Hot on the heels of its latest G Master lens, Sony has just announced three new compact primes in its G Series lineup: the FE 24mm f/2.8 G, FE 40mm f/2.5 G, and FE 50mm f/2.5 G. Adopting many of the advanced design features of their larger siblings, the trio delivers exceptional optical performance in a form factor perfect for everyday carry. Although created for full-frame E-mount cameras (hence the FE designation), their compact build pairs nicely with APS-C models where the 24mm becomes 36mm, 40mm becomes 60mm, and 50mm becomes 75mm. Priority was given to making these lenses small, so that they won’t take up much space in your camera bag, and light, so they won’t weigh you down while shooting. Consequently, each lens measures only 1.8" in length and weighs between 5.7 and 6.1 ounces, depending on the model. All of the lenses incorporate aspherical elements to combat aberration and distortions, as well as extra-low dispersion glass to reduce color fringing and chromatic aberration. A seven-bladed circular aperture helps achieve smooth, round bokeh. Complementing the versatile focal lengths of the new lenses are minimum focusing distances that benefit close-up capture: The 24mm allows you to get as close as 7.1" (manual focus) / 9.4" (autofocus), the 40mm can get 9.8" (MF) / 11" (AF), and the 50mm can focus as close as 12.2" (MF) / 13.8" (AF). Each lens features two linear motors to provide quick and responsive autofocusing for still capture, and quiet performance when recording video. The physical design of the new lenses incorporates some of the most useful features of Sony’s top-tier lenses. The aperture ring can be adjusted in 1/3-stop increments, or de-clicked via a switch on the side of the lens barrel for video applications. An auto/manual focus mode switch is incorporated for moving quickly between focusing modes or fine-tuning focus. Finally, a customizable focus hold button can be used for its namesake or reassigned, based on user preference. All of the lenses boast a sleek aluminum design that is dust and moisture resistant, adding to their appeal as everyday carry options. Settings are engraved into the lens barrel, presenting both an aesthetically pleasing touch as well as adding to the durability of the lens. What do you think of Sony’s latest G Series lenses? Which of Sony’s mirrorless cameras do you think would pair best with them? Share your thoughts in the Comments section, below!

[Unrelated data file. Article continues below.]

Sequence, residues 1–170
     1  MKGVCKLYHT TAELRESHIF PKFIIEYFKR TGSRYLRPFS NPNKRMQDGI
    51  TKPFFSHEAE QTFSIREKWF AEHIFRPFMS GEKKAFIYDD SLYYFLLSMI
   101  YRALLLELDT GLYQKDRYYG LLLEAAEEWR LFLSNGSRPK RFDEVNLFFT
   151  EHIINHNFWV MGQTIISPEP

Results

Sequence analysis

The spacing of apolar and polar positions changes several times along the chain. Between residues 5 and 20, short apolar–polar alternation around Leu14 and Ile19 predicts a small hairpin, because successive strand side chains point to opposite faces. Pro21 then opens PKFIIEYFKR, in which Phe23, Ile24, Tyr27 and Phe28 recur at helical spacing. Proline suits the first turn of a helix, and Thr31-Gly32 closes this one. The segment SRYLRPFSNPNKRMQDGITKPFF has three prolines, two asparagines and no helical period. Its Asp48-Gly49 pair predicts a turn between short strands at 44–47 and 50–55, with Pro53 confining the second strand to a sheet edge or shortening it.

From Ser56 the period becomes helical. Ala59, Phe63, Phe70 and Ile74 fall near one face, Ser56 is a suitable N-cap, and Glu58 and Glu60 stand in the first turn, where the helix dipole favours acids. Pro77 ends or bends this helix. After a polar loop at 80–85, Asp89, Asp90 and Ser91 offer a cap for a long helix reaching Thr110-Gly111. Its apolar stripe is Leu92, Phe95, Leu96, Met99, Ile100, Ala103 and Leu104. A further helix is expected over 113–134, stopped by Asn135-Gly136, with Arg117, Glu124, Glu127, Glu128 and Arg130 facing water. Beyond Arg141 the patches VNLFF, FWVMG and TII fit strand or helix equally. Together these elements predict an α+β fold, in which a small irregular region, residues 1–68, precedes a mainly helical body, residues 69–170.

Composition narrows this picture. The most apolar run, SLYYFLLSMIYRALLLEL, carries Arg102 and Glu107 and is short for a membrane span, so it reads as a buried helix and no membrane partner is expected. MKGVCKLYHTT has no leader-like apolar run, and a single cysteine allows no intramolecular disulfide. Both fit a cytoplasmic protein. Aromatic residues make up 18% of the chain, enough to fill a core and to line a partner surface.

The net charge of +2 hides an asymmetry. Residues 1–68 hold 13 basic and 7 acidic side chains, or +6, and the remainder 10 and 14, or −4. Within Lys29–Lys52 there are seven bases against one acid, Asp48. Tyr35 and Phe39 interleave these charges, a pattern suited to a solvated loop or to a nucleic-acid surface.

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Posted 03/18/21
New York City-based fashion and beauty photographer Lara Jade shares her fashion photography tips on topics such as finding subjects to photograph and marketing yourself, and talks about the difference between editorial and commercial photography. Are you new to the world of fashion and beauty photography, or a seasoned pro? Share your thoughts about this video, along with your own tips, in the Comments section, below!
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Posted 03/16/21